Three blasts went off in Dimapur, the commercial hub of Nagaland state, on Saturday and killed 21 people, police said.
The attacks marked the deadliest violence in the state since New Delhi struck a truce with Nagaland’s main separatist group, the National Socialist Council of Nagaland, in 1997.
The blasts went off at a railway station and in a busy shopping area.
The railway platform was packed with passengers waiting to board a train.
“Up to 85 people were wounded in the three blasts and the number of casualties could go up considering the serious injuries received by many of the people,” the police spokesman said.
“We are not sure who could be behind the blasts,” he said.
The attacks in Christian-majority Nagaland could have been set off by several smaller separatist groups that are not part of a truce with the Indian government, the police officer added.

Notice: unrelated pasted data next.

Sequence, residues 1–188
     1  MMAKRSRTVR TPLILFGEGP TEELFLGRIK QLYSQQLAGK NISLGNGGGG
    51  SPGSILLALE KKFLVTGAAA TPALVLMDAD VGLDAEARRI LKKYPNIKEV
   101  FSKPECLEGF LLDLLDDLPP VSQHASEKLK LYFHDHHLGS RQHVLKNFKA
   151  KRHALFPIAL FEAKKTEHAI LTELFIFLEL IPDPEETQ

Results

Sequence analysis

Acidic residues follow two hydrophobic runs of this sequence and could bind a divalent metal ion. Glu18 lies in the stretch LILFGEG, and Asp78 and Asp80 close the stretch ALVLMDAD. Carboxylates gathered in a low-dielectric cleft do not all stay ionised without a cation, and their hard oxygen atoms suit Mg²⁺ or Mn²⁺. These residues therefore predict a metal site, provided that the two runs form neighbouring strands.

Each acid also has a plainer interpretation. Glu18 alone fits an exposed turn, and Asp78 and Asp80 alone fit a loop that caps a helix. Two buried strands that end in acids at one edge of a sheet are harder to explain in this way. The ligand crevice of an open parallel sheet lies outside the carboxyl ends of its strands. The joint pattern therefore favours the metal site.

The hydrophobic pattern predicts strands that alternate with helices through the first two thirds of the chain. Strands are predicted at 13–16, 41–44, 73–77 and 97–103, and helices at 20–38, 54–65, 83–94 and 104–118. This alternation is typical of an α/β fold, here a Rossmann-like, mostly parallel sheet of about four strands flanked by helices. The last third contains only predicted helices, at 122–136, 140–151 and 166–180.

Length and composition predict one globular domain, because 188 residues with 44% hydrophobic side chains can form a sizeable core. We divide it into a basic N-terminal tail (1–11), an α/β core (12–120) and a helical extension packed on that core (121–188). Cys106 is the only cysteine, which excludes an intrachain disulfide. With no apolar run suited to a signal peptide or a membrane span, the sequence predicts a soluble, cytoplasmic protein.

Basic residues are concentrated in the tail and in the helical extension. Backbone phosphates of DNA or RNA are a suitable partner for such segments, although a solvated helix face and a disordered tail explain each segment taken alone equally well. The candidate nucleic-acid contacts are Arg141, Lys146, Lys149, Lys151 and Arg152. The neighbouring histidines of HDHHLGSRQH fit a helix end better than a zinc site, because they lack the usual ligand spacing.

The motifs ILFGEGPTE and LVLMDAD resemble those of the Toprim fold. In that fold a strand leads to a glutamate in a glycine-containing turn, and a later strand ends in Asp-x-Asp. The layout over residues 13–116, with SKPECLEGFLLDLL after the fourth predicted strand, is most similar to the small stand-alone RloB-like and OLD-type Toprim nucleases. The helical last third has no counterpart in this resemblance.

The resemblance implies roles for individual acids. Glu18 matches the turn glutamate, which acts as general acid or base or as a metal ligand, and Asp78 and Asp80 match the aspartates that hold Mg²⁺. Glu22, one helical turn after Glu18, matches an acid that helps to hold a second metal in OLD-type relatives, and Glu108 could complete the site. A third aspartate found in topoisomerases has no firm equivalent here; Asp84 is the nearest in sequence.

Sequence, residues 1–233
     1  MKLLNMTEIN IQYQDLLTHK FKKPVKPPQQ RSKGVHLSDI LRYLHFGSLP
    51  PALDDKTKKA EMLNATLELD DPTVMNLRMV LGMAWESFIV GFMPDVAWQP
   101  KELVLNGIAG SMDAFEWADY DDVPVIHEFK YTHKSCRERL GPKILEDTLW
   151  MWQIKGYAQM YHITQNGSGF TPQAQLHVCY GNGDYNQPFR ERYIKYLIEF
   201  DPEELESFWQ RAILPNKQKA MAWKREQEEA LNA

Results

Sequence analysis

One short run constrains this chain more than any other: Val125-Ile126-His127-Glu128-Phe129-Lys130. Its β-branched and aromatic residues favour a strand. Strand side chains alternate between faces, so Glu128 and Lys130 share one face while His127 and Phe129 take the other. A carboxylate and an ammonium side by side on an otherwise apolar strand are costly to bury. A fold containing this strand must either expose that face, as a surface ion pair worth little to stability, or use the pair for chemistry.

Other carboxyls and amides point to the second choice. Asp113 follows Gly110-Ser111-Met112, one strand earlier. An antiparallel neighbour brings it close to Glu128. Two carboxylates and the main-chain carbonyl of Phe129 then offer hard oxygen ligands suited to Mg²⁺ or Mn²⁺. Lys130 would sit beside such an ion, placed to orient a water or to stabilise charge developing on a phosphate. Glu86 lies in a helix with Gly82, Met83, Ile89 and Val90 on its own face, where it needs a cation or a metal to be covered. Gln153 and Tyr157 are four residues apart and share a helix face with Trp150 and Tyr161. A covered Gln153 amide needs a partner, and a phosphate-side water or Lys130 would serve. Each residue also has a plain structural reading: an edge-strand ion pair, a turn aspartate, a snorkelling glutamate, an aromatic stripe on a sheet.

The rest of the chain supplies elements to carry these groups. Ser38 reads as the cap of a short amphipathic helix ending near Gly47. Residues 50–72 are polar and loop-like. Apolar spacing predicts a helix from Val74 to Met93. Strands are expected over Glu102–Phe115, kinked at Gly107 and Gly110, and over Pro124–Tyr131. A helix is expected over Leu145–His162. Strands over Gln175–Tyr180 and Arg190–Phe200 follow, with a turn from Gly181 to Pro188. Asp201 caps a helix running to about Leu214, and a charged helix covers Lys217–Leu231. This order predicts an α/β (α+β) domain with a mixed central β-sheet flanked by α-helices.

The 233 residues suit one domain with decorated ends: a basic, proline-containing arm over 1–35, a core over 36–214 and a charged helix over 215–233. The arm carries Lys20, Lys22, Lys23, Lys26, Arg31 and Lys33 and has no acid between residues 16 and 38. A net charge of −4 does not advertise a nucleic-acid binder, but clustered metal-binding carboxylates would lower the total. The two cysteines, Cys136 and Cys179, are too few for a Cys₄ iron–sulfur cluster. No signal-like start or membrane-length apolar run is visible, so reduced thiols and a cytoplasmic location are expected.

Another bomb exploded in the neighbouring state of Assam killing one man and injuring seven others.
Police said the two attacks on Saturday appeared to be unrelated.
The blast in Assam was likely to be the work of Bodo tribals who are fighting for a separate state, police said. The bomb went off in a market in Kokrajhar district, 150km west of the state’s main city of Guwahati.
India’s north east is home to dozens of underground groups, some fighting for greater autonomy, or statehood and others for secession. The groups accuse the federal government of plundering the region’s rich resources and neglecting the local economy.